Over the last decade or so, the Treasury Dept. and the Fed have both developed something of a scofflaw attitude toward strict interpretation of federal statutes and regulations. For example, both winked in the late 1990s, as federal regulators allowed Citibank to merge with Travelers Insurance, despite contrary law still on the books. Both winked in more recent years, as major banks set up huge multi-billion-dollar structured investment vehicles, or SIVs, to do on an off-the-books basis what they were not allowed under banking law. Now we have the federally funded J.P Morgan Chase takeover of Bear Stearns. The PPT may well have had a quiet role in some of these actions.

For the bigger picture, look back to the stock market crash of 1987 — the sickening Oct. 19 fall when the Dow-Jones Industrial Average lost 508 points or 23.6 percent of its value in a single trading day. Alan Greenspan had just taken over as the Federal Reserve Bank chairman, and some believe that the Fed intervened to support the market the next day — by either buying Standard & Poors futures or telling several collaborative broker-dealers to do so…”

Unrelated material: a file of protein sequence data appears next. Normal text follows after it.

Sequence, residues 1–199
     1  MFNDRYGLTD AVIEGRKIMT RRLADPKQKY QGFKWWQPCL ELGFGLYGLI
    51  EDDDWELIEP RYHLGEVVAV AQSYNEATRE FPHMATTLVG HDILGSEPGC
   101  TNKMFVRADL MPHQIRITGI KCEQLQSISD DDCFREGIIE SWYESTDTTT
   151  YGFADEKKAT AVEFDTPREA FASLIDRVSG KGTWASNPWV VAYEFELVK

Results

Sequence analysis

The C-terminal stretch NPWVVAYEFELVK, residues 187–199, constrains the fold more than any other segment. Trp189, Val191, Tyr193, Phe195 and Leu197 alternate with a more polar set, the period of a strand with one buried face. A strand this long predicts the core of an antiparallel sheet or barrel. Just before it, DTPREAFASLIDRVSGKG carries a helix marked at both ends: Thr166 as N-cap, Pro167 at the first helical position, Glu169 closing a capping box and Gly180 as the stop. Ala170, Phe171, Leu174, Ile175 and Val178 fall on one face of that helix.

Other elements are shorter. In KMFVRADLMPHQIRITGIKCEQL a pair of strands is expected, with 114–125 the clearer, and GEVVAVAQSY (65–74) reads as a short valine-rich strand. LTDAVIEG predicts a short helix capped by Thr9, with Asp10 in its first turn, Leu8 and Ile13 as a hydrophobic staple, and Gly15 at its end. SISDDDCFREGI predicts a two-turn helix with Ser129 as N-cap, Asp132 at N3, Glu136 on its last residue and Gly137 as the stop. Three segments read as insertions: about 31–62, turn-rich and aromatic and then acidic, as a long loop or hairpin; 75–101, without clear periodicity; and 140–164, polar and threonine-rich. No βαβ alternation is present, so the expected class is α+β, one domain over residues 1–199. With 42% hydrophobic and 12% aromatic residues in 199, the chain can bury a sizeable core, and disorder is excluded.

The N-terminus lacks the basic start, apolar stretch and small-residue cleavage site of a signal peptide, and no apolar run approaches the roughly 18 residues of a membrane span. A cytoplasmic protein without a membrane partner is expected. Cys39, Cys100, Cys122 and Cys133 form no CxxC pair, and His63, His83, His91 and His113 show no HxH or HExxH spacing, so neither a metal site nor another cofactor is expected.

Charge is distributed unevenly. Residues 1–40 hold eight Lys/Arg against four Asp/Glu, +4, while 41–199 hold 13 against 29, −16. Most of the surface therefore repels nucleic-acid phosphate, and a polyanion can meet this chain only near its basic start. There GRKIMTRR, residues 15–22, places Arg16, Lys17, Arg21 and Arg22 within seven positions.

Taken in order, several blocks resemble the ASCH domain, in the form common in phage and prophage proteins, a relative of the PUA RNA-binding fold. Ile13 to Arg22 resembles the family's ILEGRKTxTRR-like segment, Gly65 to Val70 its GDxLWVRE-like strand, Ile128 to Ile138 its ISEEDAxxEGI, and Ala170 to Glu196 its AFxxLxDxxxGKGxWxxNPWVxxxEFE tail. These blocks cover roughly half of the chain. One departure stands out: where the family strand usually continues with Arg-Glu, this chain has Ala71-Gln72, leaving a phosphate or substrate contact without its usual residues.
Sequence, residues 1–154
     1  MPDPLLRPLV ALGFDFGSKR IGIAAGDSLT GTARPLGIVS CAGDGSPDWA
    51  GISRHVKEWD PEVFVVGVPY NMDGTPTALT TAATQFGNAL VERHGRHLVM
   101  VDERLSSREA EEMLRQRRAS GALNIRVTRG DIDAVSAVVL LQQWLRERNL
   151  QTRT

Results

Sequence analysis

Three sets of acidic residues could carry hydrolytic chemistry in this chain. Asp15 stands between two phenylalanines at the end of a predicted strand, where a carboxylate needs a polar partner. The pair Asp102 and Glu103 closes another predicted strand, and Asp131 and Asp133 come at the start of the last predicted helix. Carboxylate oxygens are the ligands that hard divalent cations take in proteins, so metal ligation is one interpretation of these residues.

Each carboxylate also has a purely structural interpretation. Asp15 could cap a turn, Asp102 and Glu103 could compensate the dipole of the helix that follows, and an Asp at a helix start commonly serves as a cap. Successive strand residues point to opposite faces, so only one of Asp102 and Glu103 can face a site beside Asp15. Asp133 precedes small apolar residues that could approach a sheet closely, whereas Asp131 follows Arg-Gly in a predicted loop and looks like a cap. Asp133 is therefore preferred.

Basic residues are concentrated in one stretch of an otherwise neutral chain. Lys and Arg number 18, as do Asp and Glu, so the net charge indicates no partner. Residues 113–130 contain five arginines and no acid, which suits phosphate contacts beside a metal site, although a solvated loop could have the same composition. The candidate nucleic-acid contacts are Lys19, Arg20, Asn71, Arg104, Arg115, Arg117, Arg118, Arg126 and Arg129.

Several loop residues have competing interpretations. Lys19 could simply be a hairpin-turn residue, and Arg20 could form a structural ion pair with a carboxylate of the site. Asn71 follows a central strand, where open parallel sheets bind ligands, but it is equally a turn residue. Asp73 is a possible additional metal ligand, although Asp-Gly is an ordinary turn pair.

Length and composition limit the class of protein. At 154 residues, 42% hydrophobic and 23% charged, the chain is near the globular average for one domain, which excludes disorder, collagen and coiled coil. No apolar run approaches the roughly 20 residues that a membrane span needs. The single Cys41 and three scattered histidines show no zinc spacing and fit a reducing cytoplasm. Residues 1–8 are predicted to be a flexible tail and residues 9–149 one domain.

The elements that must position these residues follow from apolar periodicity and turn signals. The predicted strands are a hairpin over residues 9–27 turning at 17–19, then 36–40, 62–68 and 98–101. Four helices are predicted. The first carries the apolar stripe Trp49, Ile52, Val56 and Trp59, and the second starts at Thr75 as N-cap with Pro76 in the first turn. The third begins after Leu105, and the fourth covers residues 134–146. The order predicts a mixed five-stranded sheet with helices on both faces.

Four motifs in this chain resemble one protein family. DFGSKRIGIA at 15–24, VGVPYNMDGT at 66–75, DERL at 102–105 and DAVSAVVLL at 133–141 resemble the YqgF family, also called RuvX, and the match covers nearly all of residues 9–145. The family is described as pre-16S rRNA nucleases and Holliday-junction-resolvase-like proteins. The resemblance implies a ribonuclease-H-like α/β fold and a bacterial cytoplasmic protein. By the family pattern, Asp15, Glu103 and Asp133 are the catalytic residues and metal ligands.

This article is far too kind. There is merely a facade of a “free market”, since that now excludes so-called big players from actually taking a penalty in terms of loss of funds or ability to operate. Not to mention turning a blind eye to illegal actions.

Bear Stearns: 100% fraud

Wednesday, April 23rd, 2008

Full story here. I knew the real-deal reason would show up sooner or later.

“This article is about how Bear Stearns stock was artificially collapsed so that illegal insider traders would make billions and  J.P. Morgan would be paid $55 billion of US tax payer money to shore up themselves and buy Bear Stearns at bankruptcy prices.